There’s no beverage better than champagne to launch your holiday fun. Whether it’s a toast on Christmas morning or a sparkling cocktail with friends as the New Year starts, there is nothing better than champagne or more misunderstood.
Here are some of the reoccurring champagne myths that seem to pop up with frightening regularity on the Internet:
Champagne and wine are two different beverages.
WRONG: Champagne is a true wine, just one with bubbles. Indeed, many chefs consider champagne (along with sherry) one of the greatest dinner wines because it ranges from ultra dry to delightful sweet.
Always chill champagne in an ice bucket packed with ice.
WRONG: If you have lots of time and long to be oh so elegant, by all means use an ice bucket. But if time is a concern, ice cold water works a lot faster.
Don Perignon invented champagne.
WRONG: Don Perigon, a Benedictine monk in the 17th century, did say “I see stars” but probably followed up that statement by say “Not again!” In fact, Don Perignon spent his lifetime trying to get the bubbles out of champagne, not to retain them. Proper credit for the production of champagne as we enjoy it today should go, instead, to Veuve Clicquot, the legendary Widow of Champagne.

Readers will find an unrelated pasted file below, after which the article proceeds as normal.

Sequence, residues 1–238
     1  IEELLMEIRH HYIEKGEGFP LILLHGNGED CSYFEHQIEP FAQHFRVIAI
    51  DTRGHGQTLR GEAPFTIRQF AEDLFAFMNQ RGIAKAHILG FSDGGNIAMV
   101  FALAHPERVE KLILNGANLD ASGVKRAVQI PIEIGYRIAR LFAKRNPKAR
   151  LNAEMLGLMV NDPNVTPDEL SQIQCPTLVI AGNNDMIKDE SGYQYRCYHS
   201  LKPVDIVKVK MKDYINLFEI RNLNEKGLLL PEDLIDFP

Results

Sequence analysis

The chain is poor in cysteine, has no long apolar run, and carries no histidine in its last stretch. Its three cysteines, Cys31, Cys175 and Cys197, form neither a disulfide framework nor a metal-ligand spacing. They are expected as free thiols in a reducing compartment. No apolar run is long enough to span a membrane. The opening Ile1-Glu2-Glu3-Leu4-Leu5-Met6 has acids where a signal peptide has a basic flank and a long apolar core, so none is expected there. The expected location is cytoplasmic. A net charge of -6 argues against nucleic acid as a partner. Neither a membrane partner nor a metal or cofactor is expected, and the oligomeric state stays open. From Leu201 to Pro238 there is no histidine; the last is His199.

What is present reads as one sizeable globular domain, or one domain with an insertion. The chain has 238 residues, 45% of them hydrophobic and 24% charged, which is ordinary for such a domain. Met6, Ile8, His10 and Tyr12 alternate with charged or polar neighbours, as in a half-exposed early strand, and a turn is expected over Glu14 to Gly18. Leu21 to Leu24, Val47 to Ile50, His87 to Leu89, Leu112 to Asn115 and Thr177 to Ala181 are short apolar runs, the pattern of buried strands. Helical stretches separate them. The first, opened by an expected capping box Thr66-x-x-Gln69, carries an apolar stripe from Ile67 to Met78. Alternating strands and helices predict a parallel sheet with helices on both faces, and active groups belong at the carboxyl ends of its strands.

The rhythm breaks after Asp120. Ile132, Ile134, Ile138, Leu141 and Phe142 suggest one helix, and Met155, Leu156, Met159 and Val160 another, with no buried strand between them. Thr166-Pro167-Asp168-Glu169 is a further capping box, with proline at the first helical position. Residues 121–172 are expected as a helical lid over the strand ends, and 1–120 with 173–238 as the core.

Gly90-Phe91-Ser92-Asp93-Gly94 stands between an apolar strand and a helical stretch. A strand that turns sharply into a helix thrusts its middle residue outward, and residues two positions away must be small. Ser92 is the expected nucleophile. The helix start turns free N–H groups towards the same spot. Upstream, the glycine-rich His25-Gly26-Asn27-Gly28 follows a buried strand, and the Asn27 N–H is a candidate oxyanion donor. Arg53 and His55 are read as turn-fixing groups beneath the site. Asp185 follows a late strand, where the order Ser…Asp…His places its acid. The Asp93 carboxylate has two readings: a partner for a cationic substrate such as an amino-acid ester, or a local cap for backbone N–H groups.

The proper way to open a bottle of champagne is to send the cork flying.
WRONG: Not only does this method waste champagne, it is dangerous. Due to the enormous pressure created by the bubbles in the sealed bottle (60 to 90 pounds of pressure per square inch of glass), opening a champagne bottle incorrectly risks an explosion. The correct method is to carefully recover the wire cage from around the cork. Wrap the top of the bottle in a towel. Holding the top steady, till the bottle away from guests and glasses, twisting the base of the bottle and pulling downward. If done correctly, you will hear only a soft and gentle pop, not a dangerous explosion.
Every wine that bubbles is champagne.
WRONG: There are other sparkling wines but they are not be properly called "champagnes". True champagnes are only produced in designated regions of France. Each of the other sparkling wines (and there are many that are wonderfully delightful) have different names, such as “cava” for Spanish sparklers and “asti spumante” in Italy.
All that said, there is a new champagne product out this season that is a secret favorite of those in the know how to give a party: Tastefully Simple’s Citrus Celebration Drink Mix. You simple add champagne to the bucket container (no ice bucket needed here) stir and freeze.
After your guests arrive, just spoon the icy mixture into champagne coup glasses and serve. What could be easier and more unique? It’s simply perfect for the busy host with a flare for the tasteful.
Your Culinary World copyright Ana Kinkaid/Peter Schlagel 2010